Storm watching, surfing lessons, whale watching – Tofino on Vancouver Island is… Canada’s Wild West!
Wearing my hotel-branded yellow raincoat, I walk to the beach at Cox Bay on Tofino on Vancouver Island and look out at the wild waves of the Pacific Ocean, dotted with brave surfers.
The sound of the ocean is immersive, like cinema surround sound. I record it on my phone, hoping it will take me back here once I get home, far from the restorative healing properties of the sea.
Getting here isn’t easy, involving a ferry and a five-hour winding road trip or seaplane flight from Vancouver.
As you float over the Pacific Rim National Park and the Clayoquot Sound from Vancouver to Tofino, expect your stomach to drop and churn during the descent. But if travel was ever part of the experience, it’s here, where one of Canada’s westernmost cities clings to what feels like the edge of the world.
In Tofino everything is connected to the water. The way it cuts you off from the mainland, surrounds and nurtures wildlife, and creates dramatic waves and gusts that draw visitors from all over the world to storm watches.
Fiona Tapp explores Tofino, a district on Canada’s Vancouver Island where ‘everything is connected to the water’. Above is the port of Tofino
A bird’s-eye view of Clayoquot Sound, which travelers can fly over by seaplane
The area offers whale watching opportunities, notes Fiona. She says Tofino ‘feels like the edge of the world’
I’m staying at the Pacific Sands Beach Resort, where you’re steps from the ocean and can learn to surf and enjoy a Scandi-style hydrotherapy circuit, starting with wood-fired barrel saunas, then an invigorating dip in the Pacific and a rest on the Adirondack -lounge chairs.
The storms that attract visitors also cause inconveniences such as power outages. Chocolate Tofino is offering 50 percent off its gelato before the lights come back on; What better way to weather a storm than with a spoonful or two of Hammerhead, their secret recipe flavor?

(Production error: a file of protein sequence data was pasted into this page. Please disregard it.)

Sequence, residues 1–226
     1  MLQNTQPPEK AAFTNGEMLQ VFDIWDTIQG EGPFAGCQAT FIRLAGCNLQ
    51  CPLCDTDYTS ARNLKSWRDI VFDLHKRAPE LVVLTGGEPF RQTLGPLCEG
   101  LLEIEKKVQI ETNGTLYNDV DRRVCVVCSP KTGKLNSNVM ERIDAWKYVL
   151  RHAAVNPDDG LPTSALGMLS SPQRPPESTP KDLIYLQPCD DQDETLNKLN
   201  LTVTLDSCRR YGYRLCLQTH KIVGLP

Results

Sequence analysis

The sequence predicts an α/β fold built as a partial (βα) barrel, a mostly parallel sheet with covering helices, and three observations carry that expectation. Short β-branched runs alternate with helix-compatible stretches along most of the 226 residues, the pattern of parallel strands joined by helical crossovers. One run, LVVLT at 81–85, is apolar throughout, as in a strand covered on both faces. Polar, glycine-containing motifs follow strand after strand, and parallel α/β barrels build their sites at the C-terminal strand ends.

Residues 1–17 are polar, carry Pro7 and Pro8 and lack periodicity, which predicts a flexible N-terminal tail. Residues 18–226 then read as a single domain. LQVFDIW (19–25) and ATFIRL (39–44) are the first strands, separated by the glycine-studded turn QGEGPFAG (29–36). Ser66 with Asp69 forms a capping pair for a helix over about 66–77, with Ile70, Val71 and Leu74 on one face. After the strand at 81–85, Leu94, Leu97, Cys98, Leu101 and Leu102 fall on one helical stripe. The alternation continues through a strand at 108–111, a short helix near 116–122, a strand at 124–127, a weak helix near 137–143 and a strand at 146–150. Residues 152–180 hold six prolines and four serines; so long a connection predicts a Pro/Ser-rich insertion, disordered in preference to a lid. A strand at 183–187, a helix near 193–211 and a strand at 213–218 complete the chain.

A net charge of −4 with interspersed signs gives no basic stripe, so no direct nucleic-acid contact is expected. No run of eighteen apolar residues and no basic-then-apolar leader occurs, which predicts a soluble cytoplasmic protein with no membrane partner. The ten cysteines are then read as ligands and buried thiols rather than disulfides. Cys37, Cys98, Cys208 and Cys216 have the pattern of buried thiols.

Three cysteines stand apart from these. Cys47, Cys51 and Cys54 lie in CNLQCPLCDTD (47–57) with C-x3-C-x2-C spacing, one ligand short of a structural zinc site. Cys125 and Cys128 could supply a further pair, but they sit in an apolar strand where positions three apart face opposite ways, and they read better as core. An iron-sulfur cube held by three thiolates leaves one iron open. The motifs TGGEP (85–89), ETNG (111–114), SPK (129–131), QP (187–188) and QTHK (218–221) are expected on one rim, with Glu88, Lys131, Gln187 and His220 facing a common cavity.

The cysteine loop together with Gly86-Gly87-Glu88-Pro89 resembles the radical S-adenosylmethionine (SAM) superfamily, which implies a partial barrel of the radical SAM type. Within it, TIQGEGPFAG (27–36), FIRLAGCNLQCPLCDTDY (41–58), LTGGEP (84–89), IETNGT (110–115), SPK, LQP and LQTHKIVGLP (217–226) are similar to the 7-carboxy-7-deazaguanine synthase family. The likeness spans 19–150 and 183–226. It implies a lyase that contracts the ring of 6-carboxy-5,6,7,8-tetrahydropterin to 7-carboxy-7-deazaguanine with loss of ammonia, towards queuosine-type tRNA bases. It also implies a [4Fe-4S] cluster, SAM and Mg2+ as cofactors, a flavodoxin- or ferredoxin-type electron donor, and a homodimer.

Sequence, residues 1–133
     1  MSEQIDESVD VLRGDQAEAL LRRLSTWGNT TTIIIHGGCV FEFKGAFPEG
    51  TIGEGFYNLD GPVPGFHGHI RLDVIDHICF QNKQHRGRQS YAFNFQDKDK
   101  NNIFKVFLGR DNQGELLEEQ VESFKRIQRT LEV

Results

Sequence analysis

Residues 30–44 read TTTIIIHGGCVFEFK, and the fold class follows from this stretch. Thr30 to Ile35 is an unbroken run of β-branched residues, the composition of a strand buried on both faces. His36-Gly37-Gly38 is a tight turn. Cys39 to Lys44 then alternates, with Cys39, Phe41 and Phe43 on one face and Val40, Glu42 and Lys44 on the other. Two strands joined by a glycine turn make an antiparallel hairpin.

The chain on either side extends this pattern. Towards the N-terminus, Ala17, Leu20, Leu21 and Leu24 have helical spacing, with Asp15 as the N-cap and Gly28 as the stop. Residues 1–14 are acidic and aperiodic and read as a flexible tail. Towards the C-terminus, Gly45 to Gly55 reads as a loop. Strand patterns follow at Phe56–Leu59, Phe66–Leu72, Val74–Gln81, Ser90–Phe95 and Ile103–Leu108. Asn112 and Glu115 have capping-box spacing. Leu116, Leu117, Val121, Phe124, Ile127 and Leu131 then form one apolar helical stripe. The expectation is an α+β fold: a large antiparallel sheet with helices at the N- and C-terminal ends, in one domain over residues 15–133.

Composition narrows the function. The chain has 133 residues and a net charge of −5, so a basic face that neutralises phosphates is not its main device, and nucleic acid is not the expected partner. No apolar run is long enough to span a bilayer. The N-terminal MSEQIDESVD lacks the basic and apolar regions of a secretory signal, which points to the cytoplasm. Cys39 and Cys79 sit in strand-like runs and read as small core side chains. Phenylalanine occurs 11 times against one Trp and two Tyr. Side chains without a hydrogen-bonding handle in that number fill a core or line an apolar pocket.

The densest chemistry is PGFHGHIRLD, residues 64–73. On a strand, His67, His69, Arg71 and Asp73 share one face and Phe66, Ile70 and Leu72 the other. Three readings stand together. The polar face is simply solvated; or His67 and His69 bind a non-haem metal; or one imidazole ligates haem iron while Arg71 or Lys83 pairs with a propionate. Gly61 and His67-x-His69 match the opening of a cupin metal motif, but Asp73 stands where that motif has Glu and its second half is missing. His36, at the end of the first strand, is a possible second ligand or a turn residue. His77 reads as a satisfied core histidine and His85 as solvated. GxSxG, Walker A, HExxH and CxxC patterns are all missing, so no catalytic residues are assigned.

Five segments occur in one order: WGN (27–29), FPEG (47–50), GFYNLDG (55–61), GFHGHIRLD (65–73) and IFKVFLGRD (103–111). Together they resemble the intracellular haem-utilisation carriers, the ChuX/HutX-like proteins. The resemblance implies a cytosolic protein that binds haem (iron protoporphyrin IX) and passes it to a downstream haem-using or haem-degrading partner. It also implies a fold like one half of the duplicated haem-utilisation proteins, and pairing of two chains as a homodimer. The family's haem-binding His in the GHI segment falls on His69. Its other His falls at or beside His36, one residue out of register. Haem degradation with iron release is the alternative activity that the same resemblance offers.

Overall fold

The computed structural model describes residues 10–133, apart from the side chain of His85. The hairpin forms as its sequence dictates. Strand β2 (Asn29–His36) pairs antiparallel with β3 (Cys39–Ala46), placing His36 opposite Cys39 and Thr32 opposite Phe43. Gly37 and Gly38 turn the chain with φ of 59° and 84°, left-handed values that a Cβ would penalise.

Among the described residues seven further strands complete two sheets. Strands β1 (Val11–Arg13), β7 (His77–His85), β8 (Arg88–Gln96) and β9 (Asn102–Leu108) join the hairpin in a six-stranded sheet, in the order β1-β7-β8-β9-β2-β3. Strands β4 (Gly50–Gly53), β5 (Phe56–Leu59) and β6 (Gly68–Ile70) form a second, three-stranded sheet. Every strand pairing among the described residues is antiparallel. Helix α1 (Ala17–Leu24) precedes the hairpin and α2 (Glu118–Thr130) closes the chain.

Tofino is located near the UNESCO Clayoquot Sound Biosphere Region and on the traditional territory of the Tla-o-qui-aht First Nation of the Nuu-chah-nulth peoples. The therapeutic qualities of the region are well known to the original custodians, who have lived here for more than 5,000 years.
Fiona walks to the beach at Cox Bay (above), where she looks out ‘at the wild waves of the Pacific Ocean, dotted with brave surfers’
The region’s waters produce ‘dramatic waves and storms that attract visitors from all over the world to storm watches,’ says Fiona
Fiona stays at the Pacific Sands Beach Resort above, where guests are ‘just steps from the ocean and can learn to surf’
During a nature walk with Elder Moses Martin, of Clayoquot Wild, I see beautiful cedar totem poles being carved. The company also offers whale watching excursions and trips to Hot Springs Cove to hear stories while soaking in the healing waters of the sacred pools. Sail from here and there is no land until Japan.
Pacific Sands is relaxed yet luxurious with beachfront accommodations, cozy fireplaces and enormous soaking tubs.
One evening I walk to Pettinger Point for dinner along a cedar boardwalk with beautiful ocean views. My Dungeness crab dinner was pulled from the ocean minutes before it was cooked in salt water over an open fire. Research shows that being close to the ocean or ‘blue spaces’ is beneficial for mental wellbeing, helps reduce stress, and the rhythmic pull of the tides can help you find balance and calm. It worked for me.